Part I – First Contact: What to Expect When You Talking to an OSO for the First Time
So you’ve decided you might be interested in becoming an officer in the Marine Corps. You’ve avoided the pull of the other branches, and you’ve done at least a little research into what Marine Officers do. What do you do next?
If you’re not sure where your local Officer Selection Station is, you can visit Marines.com and submit a request for information. You can also contact them by phone, or enter ‘USMC Officer Selection Station’ and talk to someone in person. Regardless of whether you reach out through email, by phone, or in person, the most important thing to do is talk to actual Marines. Officer Selection Officers (OSOs) have been to OCS, and they usually come from a multitude of backgrounds, so they’ll be able to answer any questions you might have—and if they don’t they’ll know someone who does.
What to know before your first meeting
If you reached out through email, or you submitted a request for information, you’ll likely have received the following information: a ‘basic screening questionnaire’, which the OSO will use to gauge your relative competitiveness for the various Officer Selection Programs and an ‘MOS Handbook’.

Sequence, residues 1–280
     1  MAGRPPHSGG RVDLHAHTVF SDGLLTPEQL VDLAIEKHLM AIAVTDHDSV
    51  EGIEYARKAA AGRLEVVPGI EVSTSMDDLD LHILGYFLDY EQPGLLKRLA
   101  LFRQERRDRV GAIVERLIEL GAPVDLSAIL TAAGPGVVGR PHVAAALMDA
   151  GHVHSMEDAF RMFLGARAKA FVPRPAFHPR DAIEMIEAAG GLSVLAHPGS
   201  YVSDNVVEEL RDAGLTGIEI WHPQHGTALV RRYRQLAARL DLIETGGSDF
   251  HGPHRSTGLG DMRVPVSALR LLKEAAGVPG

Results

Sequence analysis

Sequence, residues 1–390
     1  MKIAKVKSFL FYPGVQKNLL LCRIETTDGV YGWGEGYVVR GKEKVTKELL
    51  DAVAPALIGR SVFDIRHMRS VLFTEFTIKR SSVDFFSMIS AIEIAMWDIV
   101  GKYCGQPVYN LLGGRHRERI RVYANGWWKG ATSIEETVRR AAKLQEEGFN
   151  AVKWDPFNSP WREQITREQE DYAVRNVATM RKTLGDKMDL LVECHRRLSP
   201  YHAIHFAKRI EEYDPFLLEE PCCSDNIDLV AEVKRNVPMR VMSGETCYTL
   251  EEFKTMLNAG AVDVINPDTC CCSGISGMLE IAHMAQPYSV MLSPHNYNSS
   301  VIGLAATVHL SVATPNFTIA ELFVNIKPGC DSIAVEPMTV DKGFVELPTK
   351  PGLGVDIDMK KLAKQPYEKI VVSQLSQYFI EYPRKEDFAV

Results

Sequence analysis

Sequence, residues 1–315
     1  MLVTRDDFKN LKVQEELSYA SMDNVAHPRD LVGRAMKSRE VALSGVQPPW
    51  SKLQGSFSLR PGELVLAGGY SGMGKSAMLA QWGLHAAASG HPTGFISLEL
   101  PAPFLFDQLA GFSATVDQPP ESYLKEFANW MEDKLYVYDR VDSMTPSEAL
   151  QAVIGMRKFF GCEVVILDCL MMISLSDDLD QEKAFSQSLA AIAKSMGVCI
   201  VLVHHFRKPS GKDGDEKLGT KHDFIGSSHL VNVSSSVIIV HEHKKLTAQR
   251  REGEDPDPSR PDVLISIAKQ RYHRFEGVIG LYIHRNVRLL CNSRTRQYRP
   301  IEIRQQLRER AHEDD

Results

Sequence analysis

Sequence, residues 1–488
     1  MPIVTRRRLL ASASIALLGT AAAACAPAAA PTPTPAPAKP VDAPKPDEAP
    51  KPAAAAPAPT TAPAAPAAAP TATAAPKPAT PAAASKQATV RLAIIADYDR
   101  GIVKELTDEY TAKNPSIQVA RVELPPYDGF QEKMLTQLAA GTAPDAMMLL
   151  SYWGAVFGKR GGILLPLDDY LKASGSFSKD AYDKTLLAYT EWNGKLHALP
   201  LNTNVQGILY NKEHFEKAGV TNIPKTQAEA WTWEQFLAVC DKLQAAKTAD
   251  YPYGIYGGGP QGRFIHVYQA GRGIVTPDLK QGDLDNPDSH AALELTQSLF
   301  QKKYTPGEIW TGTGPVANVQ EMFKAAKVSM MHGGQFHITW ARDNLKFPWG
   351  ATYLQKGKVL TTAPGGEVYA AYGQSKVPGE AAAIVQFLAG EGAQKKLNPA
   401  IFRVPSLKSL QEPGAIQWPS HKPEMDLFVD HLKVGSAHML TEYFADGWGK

First, complete the questionnaire. The form should be relatively easy to complete, and differs little from many scholarship and school applications. It will ask you questions about your personal information, grades, leadership experiences, and any medical issues. It will also contain a section on ‘interaction with law enforcement that resulted in a citation, court date, conviction, and/or jail time’ and drug use. Perhaps the most important part of the application process is do not lie on any of your forms. This may seem self-explanatory, but many potentially great Marine Officers have been pushed out of the process because they lied on their forms about drug use or run-ins with law-enforcement. This means if you smoked anything other than tobacco, list it. If you got a drinking citation in high school, list it.
While filling out the screening questionnaire, it’s also a good idea to download your score reports from ACT and SAT, you’ll need them at a later stage in the process. You can download SAT scores directly from College Board and you can download ACT scores by accessing your account on the ACT website and viewing the ‘printer-friendly’ version of your report.
Once you’ve completed this form, take a look at the MOS Handbook. Though you’ll likely have an idea of what you want to do already, you won’t get to determine your MOS for a while. Picking an MOS will give your OSO a better idea of your goals and motivations and enable them to better help you become a Marine Officer.
Next: In-Person Meeting
After you’ve turned these in, your OSO will arrange for you to meet in-person. The exact approach of each OSO varies, but I’ll provide a brief account of my meeting in the next post, including: What questions you’ll likely be asked, what documents you’ll be asked to fill out, and a few tips and tricks to help you do so as quickly and effectively as possible.
Read it here.